Harford County Councilman Joe Woods said he would support taking the state to court over a newly-imposed stormwater management fee, which he has aggressively opposed.
Woods told the Greater Fallston Association Thursday that he had originally proposed lowering the fee to a nominal one cent, but was told that would be too low.
"Quite honestly, I would have been OK with going to court and taking this all the way through," he told the Fallston residents' group, explaining he would have been fine with voting against the bill completely.
The council passed a watered-down version of the state-mandated stormwater management implementation plan last week, requiring Harford residents to pay only $12.50 per home or property until a task force established to study the issue decides otherwise in November. The fee could be increased to as much as $125, under the new county law.
Woods also said he was disappointed during a recent trip to the General Assembly.
"It was my first time in Annapolis and I hope it's my last. Any thought or goal I had of running for Annapolis is gone," he said jokingly. "I don't know how they get anything done."
He said, as he did at a recent county council meeting, that the state's Department of the Environment seemed to send a different message about who required the stormwater bill.
Woods said the state did it to go above and beyond what was required by the U.S. Environmental Protection Agency.
"At the same meeting [in Annapolis], EPA told us we did a better job cleaning the [Chesapeake] Bay than we expected," he said. "[State officials said:] the feds didn't require us to do this. They are actually glad that we took this on ourselves."
Woods said the bill passed by the council was a good way to show the county was reluctantly acknowledging the state-required county law.
"The best-case scenario is, let's do something to show we are compliant - not all the way compliant," he said.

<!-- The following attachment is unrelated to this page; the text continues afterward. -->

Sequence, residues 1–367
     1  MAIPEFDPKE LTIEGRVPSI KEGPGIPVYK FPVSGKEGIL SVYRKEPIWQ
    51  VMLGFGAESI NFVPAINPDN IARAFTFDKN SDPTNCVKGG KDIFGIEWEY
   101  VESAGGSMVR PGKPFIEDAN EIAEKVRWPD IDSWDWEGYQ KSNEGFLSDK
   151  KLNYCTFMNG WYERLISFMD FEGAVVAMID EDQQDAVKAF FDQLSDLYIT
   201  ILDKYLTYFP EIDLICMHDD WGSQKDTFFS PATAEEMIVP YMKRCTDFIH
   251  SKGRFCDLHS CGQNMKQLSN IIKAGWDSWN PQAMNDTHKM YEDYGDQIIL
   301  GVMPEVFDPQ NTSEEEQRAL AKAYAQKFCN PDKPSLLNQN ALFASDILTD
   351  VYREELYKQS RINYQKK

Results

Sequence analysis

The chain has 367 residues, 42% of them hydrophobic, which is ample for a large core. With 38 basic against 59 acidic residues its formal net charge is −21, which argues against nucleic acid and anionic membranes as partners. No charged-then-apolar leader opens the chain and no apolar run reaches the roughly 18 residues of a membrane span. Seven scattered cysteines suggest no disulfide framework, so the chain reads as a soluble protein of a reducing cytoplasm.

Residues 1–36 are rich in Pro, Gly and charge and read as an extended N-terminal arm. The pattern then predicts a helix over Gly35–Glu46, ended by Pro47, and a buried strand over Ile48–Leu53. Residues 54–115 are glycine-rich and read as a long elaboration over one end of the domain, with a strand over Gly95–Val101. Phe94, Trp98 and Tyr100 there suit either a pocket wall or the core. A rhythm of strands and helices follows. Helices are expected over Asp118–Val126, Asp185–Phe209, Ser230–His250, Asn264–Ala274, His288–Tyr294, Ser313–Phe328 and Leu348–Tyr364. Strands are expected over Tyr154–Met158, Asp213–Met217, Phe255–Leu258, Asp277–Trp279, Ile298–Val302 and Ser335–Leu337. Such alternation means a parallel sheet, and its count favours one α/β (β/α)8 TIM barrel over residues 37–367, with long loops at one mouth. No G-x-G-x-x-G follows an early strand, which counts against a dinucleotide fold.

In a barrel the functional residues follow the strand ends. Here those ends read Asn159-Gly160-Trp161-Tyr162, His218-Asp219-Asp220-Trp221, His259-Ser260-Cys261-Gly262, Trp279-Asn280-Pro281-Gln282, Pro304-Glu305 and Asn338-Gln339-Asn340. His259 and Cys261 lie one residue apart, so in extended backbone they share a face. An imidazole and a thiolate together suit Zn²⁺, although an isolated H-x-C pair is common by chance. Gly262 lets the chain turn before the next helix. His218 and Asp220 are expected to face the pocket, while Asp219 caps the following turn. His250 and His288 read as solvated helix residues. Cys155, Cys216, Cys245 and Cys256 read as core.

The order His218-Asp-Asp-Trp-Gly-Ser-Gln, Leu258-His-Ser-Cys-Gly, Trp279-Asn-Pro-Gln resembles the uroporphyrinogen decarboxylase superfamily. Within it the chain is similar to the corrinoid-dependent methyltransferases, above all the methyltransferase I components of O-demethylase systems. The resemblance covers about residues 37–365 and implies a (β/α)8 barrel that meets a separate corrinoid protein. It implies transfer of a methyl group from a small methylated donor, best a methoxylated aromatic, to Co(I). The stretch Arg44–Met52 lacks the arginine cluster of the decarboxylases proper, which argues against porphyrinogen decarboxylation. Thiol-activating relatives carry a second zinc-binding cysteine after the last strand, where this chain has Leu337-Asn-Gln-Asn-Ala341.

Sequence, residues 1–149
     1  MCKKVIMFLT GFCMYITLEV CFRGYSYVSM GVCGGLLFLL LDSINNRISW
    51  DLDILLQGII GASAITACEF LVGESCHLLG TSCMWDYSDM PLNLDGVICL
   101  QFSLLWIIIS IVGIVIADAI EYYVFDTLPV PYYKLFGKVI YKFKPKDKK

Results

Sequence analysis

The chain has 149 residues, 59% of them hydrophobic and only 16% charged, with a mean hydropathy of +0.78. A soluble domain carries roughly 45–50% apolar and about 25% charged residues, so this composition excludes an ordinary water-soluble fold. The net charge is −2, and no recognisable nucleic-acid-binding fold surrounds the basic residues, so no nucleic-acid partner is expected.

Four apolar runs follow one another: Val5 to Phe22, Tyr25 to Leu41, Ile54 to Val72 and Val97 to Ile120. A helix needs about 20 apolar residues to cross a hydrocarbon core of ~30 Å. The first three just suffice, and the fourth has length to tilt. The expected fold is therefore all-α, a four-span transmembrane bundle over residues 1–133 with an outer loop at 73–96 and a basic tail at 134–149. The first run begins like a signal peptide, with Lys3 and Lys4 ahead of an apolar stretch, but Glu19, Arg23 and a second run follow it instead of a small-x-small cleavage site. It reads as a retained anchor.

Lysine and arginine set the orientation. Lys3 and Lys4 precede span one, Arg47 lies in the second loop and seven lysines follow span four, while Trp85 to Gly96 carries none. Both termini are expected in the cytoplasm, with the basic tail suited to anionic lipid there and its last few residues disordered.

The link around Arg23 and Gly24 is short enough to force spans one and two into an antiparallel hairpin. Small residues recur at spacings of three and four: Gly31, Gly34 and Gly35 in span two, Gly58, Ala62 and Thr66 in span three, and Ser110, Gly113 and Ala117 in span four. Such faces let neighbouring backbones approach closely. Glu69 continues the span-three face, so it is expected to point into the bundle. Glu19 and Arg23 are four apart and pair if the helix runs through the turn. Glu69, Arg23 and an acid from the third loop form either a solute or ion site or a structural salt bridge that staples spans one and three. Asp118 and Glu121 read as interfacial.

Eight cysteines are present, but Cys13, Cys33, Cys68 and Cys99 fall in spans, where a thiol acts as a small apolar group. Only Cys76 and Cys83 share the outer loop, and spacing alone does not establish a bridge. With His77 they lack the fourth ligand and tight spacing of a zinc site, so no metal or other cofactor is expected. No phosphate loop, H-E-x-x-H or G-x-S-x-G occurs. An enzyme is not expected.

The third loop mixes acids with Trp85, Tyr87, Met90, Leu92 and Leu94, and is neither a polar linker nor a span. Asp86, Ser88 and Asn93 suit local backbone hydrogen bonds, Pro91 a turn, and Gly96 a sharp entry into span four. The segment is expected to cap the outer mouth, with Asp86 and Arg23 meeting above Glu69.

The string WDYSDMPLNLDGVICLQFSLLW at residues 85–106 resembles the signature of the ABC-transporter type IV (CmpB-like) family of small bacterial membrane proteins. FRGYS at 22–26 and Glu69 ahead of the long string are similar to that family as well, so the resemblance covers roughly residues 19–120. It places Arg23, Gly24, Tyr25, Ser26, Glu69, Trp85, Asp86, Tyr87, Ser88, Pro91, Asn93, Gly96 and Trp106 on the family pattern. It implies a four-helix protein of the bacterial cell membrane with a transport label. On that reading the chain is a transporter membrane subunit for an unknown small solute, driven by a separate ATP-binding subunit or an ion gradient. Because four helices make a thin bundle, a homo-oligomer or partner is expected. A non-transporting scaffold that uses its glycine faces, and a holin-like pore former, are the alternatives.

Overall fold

Woods also said he did a calculation showing the revenue that would be generated by just a handful of Fallston commercial properties would be almost as much as the total amount the county is expected to raise with the bill.
"How can just a section or District B [in Fallston] bring in all that money," he said. "What is the money being used for?"
Woods also said he liked Councilman Chad Shrodes' proposal, which would have divided the watershed and restoration funds into separate accounts for each of the county's four major drainage basins: Bush River, Gunpowder River, Lower Susquehanna River and Upper Western Shore.
A minimum of 60 percent of the funds collected from properties within each basin boundary would have been deposited into the associated, dedicated basin account to be used for water quality improvement facilities within the same river basin.
"I think he had a pretty decent plan of how each community would be focused on the money," Woods said of Shrodes' idea.
Also, he said, many people came out from non-profits, churches and other groups, saying: "Why am I paying a double tax? I'm a member of the church."
Woods said the task force will take a hard look at those and other issues. He chose Scott Golly, vice-president of the Fallston Fire and Ambulance Company, and an engineer by trade, to represent Fallston on the task force.
Woods explained the council bill also caps the time frame the fee would be in effect to avoid having "the county executive or any future county executive" using the revenue for anything other than stormwater restoration.